A Nation Of Pimps

I don’t listen to the radio too often. But twice in the last month I’ve had the luxury of driving with sound. The pleasure of tuning into, among others, Gauteng’s ‘leading youth station’, Y-fm. On the first occasion, driving past groups of protesting public sector workers making their way into Braamfontein on the first day of the strike, as a weird kind of respite from her banter about which playas should always carry condoms with them, dj, Pabi Moloi, turned on the voice of some learned white gentleman for Mzansi’s youth to take advice from. His advice – how to get ahead in life by trying to live like your boss. Firstly, observe how your boss behaves closely. Notice how he is different from other employees, especially how he always puts the company before himself. In the learned gentleman’s experience, bosses were bosses because they didn’t concern themselves with their own petty worries. Instead, the company came before everything else in the boss’s life. For me, as a young South African, to be successful in life, I too would have to stop worrying about my petty problems and consider the life of my boss and the company first. I can’t say I stayed tuned long enough to hear Pabi’s take on the whole spiel. It was all a little too surreal for me, what with the numbers of red t-shirts and their ‘petty grievances’ swelling around me…

Fast forward to June 16th – Youth Day. I’m driving through the streets of Jozi again. Y is celebrating with a festival that’s receiving commentary on the station from dj, Bridget Masinga. R3000 worth of pimp juice is up for grabs. Listeners have to call in and describe how they see Mzansi’s youth in the next ten years in order to qualify for the prize which will allow one of them to set up a small business. Bridget’s enthusiastic about ‘vukuzenzele’, the ‘entrepreneurial spirit’ that is taking Mzansi’s youth, and all the potential out there for young people to succeed in life. In passing she encourages listeners to celebrate all that the youth of the past fought for and gave up for the youth of today. More importantly, she wants to know what the youth of today are doing for their future as this past should not have been in vain. It couldn’t be clearer – the spirit of the fallen young lions of South Africa is now to be invoked in service of the market. What else could there be for Mzansi’s ‘born frees’? And here is a respected one of these brave youth of the past, now a national leader, offering young people a chance at making something better of their lives and helping to advance the entrepreneurial spirit of the new nation with his pimp juice. How can we get the nation’s youth pimpin’? Callers are quick to bite – the first goes on about how bright the future is for the youth as a result of the many sacrifices and struggles of the youth of the past; so does the second. I switch channels. Three grubby little faces appear at my window, their arms outstretched. They’re shivering and the littlest one is crying. I fumble around for change…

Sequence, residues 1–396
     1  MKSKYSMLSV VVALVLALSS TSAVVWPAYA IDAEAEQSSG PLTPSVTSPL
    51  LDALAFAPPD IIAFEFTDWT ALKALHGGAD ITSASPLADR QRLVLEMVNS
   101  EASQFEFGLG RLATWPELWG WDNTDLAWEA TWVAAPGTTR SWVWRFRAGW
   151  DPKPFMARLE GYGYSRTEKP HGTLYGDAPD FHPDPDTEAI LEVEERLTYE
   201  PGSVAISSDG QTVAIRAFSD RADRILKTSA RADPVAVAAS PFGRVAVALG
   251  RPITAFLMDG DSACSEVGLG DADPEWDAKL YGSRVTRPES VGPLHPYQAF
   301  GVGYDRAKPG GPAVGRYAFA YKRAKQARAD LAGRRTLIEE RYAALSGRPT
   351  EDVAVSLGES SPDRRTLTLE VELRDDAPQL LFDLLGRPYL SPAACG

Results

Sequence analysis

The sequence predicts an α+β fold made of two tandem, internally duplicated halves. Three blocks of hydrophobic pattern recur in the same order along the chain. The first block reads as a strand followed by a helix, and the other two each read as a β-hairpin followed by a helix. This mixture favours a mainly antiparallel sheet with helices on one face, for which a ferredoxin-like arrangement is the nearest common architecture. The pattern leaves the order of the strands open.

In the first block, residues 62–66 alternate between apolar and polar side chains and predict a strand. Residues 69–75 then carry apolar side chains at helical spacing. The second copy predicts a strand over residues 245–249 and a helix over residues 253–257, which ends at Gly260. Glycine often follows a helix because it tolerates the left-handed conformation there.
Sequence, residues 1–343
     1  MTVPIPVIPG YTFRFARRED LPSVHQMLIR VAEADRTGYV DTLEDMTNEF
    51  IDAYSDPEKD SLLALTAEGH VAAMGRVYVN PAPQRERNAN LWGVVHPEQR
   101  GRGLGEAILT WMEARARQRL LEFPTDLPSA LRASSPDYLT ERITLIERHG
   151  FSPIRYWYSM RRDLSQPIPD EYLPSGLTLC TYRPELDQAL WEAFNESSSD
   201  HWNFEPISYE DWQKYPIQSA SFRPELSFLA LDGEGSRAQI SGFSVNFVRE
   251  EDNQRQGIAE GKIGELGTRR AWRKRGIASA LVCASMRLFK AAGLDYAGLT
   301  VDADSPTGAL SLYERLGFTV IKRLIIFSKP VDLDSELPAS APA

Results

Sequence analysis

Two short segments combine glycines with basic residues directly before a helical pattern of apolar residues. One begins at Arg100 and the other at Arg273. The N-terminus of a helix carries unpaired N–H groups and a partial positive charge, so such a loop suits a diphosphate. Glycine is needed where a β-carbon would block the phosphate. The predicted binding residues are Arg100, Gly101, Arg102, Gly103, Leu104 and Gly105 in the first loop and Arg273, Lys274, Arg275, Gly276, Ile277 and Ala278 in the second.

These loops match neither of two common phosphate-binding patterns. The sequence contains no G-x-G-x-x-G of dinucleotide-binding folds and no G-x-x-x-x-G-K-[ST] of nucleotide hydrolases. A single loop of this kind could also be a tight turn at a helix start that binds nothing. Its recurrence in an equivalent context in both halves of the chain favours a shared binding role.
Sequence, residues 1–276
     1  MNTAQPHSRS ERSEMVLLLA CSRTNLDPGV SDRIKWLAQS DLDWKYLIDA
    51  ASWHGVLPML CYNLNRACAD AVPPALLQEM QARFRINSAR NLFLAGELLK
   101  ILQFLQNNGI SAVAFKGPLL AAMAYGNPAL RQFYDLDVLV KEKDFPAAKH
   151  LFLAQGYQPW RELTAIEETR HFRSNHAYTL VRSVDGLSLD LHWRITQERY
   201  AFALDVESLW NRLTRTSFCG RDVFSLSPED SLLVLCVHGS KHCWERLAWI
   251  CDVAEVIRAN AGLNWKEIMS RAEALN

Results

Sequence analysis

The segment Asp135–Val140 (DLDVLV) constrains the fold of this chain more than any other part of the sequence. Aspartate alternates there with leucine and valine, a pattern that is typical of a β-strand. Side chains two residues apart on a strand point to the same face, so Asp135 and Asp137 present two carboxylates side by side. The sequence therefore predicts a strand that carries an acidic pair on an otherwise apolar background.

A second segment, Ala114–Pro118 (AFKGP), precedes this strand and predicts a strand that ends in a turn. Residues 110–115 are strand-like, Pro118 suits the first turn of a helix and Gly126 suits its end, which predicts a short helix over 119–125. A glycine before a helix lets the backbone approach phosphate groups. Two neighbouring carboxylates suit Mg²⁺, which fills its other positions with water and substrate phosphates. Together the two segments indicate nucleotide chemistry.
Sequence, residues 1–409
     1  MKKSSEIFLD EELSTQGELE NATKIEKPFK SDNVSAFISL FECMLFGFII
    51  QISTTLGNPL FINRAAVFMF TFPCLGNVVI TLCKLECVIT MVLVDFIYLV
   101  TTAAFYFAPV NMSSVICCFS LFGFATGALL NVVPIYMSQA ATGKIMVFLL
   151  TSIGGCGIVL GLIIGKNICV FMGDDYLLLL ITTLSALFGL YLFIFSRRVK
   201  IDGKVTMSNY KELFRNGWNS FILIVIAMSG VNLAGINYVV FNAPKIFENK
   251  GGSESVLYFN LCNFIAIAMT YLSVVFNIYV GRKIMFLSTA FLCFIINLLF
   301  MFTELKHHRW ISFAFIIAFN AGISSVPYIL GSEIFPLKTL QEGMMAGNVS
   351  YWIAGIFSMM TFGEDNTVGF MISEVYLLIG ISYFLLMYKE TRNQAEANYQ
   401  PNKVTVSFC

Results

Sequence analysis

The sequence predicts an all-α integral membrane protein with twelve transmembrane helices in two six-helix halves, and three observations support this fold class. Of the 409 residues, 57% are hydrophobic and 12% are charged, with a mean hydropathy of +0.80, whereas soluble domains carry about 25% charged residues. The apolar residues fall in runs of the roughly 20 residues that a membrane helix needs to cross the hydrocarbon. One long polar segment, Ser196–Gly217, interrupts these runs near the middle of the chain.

Pimp juice – a green energy drink being brought into South Africa by well known politician, Matthews Phosa, and American mainstream musician, Nelly. An extraordinary partnership for an extraordinary drink. A green energy drink to boost your pimpin’ potential – your potential to sell yourself, your potential to sell others, your potential to sell. Pimp your way out of poverty – has a nice ring. Comrade Phosa says it stands for ‘positive intellectually motivated person’. Nelly says he’s giving a positive spin to something negative. I’ve tried but I can’t see the positive in pimp – not in the media hype behind the drink, not in Nelly’s song lyrics, and not in the lifestyle that pimp juice promotes.

I can’t say I’ve been able to get into this whole celebration of the pimp. The pimpin’ life and style’s never been my kinda scene. For me, bigger’s never been a guarantee of better. And bling’s almost always been proven to be hiding something scarier behind it – usually ignorance, insecurity and feelings of inferiority. But pimpin’s caught on really quickly in Mzansi. In fact, it’s quickly becoming a way of life. I guess what it boils down to is that you know you’re made when you can deliver the baitches to the bosses. And, I guess, that’s what makes me mad. It’s again about being some 1 in a bosses’ world.